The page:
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Durham University

Research & business

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Hominin Palaeoecology: Comparing Fossil Evidence

A research project of the Department of Anthropology, part of the old and old research groups.


This project investigates the effectiveness of analysing fossil bovid cranio-dental versus postcranial material in the reconstruction of palaeoecologies. My research will develop a method of environmental assessment that integrates trophic (i.e. cranio-dental) and locomotor (i.e. postcranial) data, therefore providing a composite picture of a habitat that includes information on both what the animals were eating and over what sort of terrain they were locomoting. This will be accomplished by establishing associations between size and dimension ranges for dentition and postcranial elements. Thus, habitat-specific body dimensions, or “morphotypes”, can be linked to dental variations, enabling us to reconstruct the entire palaeoecological niche through analysis of the dental variation represented in a given assemblage. These new habitat prediction models will be used to assess past East African environments. I will apply my faunal analyses to strata in which artefacts and diverse faunal communities are associated, well-preserved and confidently dated, including the hominin-bearing strata of the Hadar Formation in Ethiopia and sites in the Turkana Basin of Kenya. This project will be crucial to our understanding of the behavioural ecology of the earliest tool-making hominin species and will extend our awareness of environmental change, mammalian diversity and hominin evolution in East Africa.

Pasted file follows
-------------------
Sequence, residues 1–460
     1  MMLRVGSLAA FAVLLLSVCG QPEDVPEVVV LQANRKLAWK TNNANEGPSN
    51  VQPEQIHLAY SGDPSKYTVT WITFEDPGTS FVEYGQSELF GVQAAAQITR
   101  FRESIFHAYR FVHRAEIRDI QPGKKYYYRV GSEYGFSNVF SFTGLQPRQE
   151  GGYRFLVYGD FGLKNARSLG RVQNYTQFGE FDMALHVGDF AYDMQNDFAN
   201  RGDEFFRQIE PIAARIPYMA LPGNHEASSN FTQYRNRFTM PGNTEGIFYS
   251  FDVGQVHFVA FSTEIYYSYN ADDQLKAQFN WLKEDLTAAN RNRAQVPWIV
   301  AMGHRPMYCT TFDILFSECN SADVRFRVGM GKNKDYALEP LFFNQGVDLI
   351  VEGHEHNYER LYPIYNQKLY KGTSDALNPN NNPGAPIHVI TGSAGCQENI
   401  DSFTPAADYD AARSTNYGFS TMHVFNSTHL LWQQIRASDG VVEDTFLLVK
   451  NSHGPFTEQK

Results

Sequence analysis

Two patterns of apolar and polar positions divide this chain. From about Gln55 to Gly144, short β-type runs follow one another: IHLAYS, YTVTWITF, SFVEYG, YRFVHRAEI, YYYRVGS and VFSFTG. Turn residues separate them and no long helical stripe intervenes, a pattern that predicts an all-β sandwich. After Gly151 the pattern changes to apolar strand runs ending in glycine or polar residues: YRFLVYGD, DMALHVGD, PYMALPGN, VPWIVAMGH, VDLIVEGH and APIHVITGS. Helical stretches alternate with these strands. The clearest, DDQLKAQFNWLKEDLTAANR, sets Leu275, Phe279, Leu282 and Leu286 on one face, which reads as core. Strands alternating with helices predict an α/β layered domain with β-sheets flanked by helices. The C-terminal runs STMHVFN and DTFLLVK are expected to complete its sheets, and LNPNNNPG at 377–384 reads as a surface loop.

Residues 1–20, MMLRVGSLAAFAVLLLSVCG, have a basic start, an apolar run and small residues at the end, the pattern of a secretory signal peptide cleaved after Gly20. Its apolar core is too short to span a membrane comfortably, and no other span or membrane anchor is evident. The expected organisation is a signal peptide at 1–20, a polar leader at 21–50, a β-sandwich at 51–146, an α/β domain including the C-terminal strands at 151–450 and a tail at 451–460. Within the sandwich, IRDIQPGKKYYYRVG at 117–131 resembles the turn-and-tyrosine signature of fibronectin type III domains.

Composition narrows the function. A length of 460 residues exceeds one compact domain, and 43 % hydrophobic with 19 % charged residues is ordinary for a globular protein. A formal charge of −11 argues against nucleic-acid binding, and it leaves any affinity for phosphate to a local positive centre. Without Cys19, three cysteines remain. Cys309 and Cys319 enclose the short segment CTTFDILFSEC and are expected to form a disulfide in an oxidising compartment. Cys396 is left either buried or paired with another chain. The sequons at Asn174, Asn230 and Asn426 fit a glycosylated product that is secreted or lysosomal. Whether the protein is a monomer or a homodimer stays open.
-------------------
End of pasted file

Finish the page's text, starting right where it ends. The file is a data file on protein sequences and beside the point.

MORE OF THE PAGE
From the Department of Anthropology